Boy Scouts must answer a series of questions about governance to earn the Citizenship in the World merit badge as of 2015. Many of the questions require the candidate to compare the American system of government with the governments of other countries to foster a complete understanding of how international relations work. International law and organizations are also included in the requirements.Continue Reading
The first question requires the candidate to explain what citizenship in the world means to him and what it takes to be a good world citizen. The next question focuses on American citizenship, with topics including the process to become one, the duties and rights that come with it and a comparison to citizenship in two other countries.
The subsequent question requires the candidate to relate how a country's natural resources, climate and geography affect its economy and ability to deal with other nations. The fourth question is international in scope, requiring a definition for international law as well as familiarity with international organizations such as the United Nations or World Health Organization. The fifth question asks the candidate to differentiate between constitutional and non-constitutional governance while providing examples of five different types of government currently in power.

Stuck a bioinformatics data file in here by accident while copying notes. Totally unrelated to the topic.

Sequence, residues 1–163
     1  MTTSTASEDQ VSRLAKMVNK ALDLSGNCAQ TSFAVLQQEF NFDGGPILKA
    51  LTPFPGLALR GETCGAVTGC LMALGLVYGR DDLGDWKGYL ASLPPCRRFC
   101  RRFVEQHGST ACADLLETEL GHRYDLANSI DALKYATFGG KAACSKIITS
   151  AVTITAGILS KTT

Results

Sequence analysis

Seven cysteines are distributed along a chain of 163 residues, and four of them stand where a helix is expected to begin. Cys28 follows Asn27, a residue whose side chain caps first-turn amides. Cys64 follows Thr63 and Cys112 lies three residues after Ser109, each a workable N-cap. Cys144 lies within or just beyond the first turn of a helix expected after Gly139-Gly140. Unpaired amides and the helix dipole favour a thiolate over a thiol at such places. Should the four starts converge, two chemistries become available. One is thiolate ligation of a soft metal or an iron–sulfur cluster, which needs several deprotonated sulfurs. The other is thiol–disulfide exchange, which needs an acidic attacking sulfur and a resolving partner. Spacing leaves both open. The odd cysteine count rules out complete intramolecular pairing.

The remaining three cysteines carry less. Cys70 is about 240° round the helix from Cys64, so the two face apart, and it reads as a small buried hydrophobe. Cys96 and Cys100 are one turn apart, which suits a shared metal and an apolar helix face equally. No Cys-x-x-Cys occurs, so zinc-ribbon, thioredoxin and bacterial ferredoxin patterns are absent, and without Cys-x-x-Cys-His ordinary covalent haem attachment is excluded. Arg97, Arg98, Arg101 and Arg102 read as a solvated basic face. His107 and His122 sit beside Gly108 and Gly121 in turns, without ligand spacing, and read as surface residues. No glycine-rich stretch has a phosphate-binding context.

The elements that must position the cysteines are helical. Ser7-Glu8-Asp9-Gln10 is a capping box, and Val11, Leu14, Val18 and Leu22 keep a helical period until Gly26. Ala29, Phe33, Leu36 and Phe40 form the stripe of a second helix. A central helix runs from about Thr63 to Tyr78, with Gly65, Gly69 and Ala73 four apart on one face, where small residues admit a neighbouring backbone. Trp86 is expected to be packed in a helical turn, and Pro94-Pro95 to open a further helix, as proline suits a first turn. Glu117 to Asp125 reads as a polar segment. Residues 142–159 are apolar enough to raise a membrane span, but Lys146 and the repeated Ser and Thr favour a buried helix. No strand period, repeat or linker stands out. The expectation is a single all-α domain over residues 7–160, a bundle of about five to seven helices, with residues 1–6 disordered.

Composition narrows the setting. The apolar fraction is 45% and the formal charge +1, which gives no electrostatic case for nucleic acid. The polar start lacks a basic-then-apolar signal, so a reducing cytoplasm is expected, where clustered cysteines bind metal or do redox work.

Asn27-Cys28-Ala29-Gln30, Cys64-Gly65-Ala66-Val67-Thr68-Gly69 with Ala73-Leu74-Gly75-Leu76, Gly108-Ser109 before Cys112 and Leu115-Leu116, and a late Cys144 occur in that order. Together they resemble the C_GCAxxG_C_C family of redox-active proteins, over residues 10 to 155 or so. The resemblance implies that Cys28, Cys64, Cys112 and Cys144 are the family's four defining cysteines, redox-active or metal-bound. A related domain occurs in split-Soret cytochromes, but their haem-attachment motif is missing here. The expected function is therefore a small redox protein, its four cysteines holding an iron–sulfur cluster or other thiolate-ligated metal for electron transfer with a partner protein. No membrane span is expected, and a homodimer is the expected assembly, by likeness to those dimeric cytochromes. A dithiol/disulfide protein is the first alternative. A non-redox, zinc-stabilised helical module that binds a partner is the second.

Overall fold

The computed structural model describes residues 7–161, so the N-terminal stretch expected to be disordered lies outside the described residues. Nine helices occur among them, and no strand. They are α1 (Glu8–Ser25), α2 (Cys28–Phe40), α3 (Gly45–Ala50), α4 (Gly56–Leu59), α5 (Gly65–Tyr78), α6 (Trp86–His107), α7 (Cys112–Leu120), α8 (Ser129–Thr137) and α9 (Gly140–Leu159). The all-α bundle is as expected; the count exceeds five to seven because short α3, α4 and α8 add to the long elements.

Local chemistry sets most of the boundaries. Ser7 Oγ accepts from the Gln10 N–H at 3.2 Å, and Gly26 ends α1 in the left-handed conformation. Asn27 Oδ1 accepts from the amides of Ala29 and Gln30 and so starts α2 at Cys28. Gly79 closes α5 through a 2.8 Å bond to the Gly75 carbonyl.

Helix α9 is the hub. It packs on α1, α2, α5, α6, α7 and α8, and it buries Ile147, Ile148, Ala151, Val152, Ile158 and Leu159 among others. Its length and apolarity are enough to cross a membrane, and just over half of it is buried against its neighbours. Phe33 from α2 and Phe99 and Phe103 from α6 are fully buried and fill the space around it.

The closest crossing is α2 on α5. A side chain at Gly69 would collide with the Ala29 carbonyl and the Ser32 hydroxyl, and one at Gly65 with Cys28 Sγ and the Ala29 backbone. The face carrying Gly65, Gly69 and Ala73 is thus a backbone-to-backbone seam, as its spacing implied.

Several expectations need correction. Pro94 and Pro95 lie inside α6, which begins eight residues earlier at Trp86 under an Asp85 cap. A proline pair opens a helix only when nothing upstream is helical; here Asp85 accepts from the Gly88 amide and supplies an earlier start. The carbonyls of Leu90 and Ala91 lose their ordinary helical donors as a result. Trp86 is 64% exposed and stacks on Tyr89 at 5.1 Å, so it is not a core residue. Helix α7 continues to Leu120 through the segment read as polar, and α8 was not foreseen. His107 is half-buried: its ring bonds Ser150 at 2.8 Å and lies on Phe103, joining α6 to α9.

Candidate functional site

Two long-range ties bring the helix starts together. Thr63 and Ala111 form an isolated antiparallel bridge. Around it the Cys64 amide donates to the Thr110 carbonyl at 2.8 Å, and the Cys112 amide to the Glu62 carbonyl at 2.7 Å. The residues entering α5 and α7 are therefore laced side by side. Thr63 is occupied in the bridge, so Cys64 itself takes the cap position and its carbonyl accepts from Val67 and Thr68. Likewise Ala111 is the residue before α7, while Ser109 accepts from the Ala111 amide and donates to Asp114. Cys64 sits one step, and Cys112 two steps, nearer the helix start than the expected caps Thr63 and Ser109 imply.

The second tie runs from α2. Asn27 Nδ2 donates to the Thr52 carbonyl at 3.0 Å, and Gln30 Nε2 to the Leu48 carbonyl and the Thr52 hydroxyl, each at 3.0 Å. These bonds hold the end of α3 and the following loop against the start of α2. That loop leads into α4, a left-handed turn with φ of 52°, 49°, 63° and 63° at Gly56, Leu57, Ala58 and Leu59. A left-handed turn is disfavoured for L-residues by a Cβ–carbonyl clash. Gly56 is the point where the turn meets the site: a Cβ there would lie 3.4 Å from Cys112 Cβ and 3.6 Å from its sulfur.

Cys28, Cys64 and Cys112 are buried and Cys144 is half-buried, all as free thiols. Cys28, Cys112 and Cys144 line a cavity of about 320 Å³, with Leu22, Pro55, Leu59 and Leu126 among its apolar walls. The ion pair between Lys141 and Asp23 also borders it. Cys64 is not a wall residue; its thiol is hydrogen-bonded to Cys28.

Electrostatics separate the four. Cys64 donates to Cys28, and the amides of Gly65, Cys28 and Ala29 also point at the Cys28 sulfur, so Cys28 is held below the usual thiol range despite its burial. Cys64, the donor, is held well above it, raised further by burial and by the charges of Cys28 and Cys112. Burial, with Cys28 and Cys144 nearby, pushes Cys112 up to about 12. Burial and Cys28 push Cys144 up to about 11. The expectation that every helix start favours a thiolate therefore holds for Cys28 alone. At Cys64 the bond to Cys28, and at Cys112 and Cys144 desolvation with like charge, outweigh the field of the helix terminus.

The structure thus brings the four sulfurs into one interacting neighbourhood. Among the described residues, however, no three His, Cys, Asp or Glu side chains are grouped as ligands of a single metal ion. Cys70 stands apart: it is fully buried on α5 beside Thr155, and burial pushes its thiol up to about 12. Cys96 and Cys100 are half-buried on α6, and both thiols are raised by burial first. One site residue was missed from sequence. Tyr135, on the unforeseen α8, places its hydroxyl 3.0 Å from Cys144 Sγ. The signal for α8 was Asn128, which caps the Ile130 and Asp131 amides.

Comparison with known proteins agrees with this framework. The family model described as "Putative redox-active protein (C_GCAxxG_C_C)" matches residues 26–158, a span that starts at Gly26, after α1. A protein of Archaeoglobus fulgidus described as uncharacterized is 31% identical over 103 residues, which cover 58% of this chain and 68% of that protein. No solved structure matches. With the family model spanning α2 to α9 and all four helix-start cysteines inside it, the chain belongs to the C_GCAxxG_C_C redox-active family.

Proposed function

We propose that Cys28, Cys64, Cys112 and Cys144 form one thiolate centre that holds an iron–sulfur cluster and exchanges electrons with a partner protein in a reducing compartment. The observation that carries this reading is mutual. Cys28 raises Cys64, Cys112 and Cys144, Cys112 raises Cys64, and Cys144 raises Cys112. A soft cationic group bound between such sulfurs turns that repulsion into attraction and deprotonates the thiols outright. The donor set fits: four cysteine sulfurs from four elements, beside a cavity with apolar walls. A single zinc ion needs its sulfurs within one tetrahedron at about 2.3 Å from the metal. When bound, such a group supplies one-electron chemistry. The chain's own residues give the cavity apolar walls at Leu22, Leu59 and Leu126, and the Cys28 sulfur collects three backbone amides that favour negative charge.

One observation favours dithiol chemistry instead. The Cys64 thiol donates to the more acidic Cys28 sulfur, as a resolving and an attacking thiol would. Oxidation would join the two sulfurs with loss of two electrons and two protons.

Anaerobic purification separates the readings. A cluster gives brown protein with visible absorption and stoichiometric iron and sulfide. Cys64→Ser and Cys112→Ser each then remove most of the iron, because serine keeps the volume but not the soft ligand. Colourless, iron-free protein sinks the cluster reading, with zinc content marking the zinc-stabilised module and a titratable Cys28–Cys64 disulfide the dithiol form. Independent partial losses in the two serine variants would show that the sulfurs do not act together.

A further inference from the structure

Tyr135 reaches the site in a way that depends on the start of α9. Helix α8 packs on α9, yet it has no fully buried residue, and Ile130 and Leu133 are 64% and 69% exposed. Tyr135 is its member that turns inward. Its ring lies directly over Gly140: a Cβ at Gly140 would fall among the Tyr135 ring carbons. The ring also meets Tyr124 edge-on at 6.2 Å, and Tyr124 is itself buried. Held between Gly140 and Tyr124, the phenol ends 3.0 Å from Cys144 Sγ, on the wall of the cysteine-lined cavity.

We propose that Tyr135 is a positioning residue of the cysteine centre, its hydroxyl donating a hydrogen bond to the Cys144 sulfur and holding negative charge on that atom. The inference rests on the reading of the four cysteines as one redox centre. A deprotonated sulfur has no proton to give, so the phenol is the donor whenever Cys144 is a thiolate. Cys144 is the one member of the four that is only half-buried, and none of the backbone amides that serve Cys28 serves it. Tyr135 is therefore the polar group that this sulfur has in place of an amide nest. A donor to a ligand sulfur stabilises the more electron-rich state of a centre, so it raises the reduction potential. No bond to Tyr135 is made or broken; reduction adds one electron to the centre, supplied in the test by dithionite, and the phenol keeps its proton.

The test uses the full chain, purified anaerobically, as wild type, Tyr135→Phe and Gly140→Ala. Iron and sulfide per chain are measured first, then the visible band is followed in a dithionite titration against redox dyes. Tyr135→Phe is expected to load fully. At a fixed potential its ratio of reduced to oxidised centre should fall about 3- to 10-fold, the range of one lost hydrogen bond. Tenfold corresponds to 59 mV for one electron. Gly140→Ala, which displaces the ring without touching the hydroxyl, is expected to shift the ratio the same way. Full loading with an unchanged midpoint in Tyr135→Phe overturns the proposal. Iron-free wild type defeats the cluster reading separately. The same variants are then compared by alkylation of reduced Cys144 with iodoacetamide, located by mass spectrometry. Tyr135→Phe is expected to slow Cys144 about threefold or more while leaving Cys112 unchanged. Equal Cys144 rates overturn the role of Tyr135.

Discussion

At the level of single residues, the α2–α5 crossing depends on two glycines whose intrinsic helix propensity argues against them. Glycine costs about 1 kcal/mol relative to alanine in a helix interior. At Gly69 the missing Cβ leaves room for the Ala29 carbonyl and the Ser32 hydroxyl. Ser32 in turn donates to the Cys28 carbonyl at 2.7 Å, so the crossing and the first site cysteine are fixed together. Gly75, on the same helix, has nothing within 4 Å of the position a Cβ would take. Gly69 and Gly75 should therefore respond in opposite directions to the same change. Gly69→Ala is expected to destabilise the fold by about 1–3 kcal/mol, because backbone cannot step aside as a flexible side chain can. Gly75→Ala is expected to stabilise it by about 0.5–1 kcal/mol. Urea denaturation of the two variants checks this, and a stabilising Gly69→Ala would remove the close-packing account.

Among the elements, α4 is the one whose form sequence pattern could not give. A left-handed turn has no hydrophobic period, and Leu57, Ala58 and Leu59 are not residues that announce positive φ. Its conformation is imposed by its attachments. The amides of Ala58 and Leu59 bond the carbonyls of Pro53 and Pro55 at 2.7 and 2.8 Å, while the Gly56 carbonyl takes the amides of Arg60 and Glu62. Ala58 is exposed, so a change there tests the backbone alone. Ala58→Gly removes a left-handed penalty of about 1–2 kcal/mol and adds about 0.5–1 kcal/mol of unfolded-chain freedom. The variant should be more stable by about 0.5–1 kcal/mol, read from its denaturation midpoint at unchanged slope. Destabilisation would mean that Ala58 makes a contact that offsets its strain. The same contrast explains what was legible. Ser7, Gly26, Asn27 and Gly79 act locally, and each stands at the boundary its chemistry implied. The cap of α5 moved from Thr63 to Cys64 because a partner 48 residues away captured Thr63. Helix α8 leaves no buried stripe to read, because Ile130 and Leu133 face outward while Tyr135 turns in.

The next question deals with the logistics of international relations, requiring the candidate to be familiar with terms such as ambassador and the United States and Foreign Commercial Service. He must also explain how governments are represented abroad and the purpose of passports and visas. The final question promotes an active engagement with domestic government and foreign cultures, either by visiting the U.S. State Department's website, a foreign website, meeting a scout from a different country or attending a world Scout jamboree or ethnic event.Learn more about Outdoor Adventure